With a global pandemic keeping everyone in their homes, the Pennsylvania court system is facing a challenge no U.S. court has faced for centuries: how do you administer justice while protecting the public from an epidemic? Handler, Henning & Rosenberg LLC wanted to address some of the questions you might have, whether you have a pending claim or you’re considering filing a claim before the statute of limitations runs out.
Today, we’re talking about how the coronavirus epidemic may affect your claim—or how it already has.
On March 18, the Pennsylvania Supreme Court issued a court order that governs all state courts, including the Superior, Commonwealth, and District courts. The order closed all Pennsylvania state courts to the public until April 3 (at the earliest) and declared a state of judicial emergency until April 14. In all state courts, the use of remote communication (by phone or video) for court proceedings is not only permissible, but “encouraged.” Cases where remote communication is neither possible nor constitutionally permissible will be delayed.
What Cases Will Be Allowed to Go Forward (& Which Are Delayed)?
Whether your case will be delayed will depend on what you want to do. Because the state courts are closed except for essential functions, it’s unlikely that you’ll be able to get a traditional hearing on your case.
Per the order, essential functions for the Superior and Commonwealth courts only include:
- Election matters
- Children’s Fast Track matters
- Emergency filings
- Functions deemed an emergency by President Judge
Jury and non-jury trials will be rescheduled, but for now they will remain suspended.
All hearings related to civil trials—including pretrial conferences, discovery motions, and other meetings—are either postponed or must be conducted remotely. In fact, any non-emergency matter requiring the presence of an attorney or a litigant has been postponed indefinitely and will be rescheduled at a later date.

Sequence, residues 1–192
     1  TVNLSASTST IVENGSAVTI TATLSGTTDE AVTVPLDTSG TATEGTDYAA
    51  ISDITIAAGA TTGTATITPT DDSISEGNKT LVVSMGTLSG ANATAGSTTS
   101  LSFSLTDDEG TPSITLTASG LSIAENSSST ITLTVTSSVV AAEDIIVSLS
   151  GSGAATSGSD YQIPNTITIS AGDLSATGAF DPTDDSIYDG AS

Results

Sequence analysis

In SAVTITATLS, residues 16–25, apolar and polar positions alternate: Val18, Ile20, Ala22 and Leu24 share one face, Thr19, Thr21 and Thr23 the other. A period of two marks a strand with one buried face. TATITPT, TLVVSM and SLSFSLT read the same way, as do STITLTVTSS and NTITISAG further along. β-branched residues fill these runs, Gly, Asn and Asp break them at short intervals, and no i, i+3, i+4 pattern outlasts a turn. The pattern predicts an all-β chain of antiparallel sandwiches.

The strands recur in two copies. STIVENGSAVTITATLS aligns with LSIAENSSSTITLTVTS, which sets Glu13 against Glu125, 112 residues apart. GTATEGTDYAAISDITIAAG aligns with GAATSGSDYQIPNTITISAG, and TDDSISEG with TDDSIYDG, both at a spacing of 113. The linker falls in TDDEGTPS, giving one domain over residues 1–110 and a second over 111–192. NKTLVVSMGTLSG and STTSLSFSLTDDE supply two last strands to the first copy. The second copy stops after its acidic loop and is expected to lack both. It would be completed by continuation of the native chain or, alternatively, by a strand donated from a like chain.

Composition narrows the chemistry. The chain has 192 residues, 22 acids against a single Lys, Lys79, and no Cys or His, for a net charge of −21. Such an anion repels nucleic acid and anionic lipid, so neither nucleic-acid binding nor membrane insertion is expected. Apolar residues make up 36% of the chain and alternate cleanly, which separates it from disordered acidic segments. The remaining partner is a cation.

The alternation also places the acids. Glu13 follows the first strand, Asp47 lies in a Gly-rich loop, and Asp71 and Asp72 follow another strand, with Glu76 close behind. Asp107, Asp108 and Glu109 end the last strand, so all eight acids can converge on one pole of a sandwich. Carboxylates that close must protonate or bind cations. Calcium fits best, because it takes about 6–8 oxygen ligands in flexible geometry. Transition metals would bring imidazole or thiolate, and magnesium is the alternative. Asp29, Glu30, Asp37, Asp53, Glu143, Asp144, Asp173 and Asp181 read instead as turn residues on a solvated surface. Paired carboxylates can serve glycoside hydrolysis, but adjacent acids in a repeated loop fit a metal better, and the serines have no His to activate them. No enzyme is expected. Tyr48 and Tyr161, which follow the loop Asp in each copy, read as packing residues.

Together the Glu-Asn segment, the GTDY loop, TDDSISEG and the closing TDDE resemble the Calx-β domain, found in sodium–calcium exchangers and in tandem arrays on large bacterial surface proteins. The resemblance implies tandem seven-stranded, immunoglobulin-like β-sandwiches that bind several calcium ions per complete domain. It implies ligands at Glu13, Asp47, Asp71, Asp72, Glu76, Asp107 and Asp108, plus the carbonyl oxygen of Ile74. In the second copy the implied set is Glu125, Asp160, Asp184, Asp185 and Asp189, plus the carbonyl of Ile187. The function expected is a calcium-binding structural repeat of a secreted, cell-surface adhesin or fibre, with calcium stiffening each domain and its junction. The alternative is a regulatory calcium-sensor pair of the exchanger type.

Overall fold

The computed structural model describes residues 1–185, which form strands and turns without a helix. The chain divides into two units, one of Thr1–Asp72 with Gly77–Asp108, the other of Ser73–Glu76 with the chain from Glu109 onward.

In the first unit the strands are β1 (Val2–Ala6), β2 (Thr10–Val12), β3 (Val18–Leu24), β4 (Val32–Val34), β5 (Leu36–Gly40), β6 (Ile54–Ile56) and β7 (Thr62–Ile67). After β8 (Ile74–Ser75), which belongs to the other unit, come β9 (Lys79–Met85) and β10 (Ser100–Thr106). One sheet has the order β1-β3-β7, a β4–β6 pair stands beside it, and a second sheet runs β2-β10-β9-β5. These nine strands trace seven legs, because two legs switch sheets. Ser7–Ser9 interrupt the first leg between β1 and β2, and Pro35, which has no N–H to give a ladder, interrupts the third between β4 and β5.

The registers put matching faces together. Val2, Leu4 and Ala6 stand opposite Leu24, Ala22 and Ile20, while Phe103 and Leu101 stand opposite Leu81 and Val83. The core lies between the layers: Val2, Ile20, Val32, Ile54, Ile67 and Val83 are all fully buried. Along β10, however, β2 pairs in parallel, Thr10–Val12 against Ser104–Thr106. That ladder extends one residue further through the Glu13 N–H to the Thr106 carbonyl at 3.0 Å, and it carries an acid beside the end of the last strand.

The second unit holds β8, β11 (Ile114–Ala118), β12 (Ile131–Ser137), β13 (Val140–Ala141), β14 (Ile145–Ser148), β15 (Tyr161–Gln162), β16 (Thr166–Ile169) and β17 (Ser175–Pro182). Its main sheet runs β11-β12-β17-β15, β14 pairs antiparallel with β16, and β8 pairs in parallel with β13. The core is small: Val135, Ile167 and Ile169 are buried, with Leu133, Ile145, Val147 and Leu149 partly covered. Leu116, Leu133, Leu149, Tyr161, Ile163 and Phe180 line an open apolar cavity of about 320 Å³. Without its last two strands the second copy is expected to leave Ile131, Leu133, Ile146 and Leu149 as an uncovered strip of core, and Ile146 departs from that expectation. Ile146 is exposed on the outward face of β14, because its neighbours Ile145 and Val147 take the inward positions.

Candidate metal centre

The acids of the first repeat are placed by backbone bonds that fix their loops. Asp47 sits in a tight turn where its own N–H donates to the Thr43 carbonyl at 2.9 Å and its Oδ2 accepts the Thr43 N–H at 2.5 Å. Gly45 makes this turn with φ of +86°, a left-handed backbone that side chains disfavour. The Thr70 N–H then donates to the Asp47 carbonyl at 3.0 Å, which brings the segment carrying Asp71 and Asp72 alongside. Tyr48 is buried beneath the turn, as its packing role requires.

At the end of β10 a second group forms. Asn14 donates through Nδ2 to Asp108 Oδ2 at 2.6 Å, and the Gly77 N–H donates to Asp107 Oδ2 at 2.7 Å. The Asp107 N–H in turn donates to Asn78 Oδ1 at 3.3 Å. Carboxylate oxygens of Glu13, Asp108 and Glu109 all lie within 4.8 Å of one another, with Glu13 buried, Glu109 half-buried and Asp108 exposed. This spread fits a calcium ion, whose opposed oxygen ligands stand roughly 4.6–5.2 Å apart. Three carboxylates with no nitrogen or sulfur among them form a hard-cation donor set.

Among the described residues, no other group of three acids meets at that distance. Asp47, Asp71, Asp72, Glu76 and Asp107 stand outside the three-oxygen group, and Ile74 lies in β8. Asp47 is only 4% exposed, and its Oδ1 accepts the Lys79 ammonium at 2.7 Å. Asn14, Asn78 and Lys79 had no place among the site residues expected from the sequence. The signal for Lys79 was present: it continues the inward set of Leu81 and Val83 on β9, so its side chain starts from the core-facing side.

Deadlines to Be Extended for Filing, Court Orders & More
The Supreme Court’s order stipulates that all “time considerations” are suspended until April 3. If you had a case-related deadline between March 18 and April 3, that deadline has been moved. Any pleadings due between March 19 and April 3 are now due April 6 at the earliest. Local courts may decide to extend deadlines further as they see fit.
Our Unwavering Commitment to Your Well-Being
Reach out to our team if you need an advocate during these difficult times. While we may require slightly more time to return calls and emails, we are still receiving clients and building cases. You can trust we are working as hard as possible on behalf the injured and their families. State courts may be closed for a few weeks, but we will continue pushing cases forward by remaining in touch with insurers, defense attorneys, and other parties.
To our current clients: no matter what, the legal team at HHR will here for you through all of this. Even in the middle of a health crisis, our advocacy on your behalf is unwavering. We will continue to do everything we can to resolve your claims and get you the compensation you need to move forward.
Call F:P:Sub:Phone} to discuss your case with a personal injury lawyer in Pennsylvania. We can answer your questions and help you navigate the court system while it’s under siege from the coronavirus.
For the latest information about the Pennsylvania state courts' response to COVID-19, visit the court website here.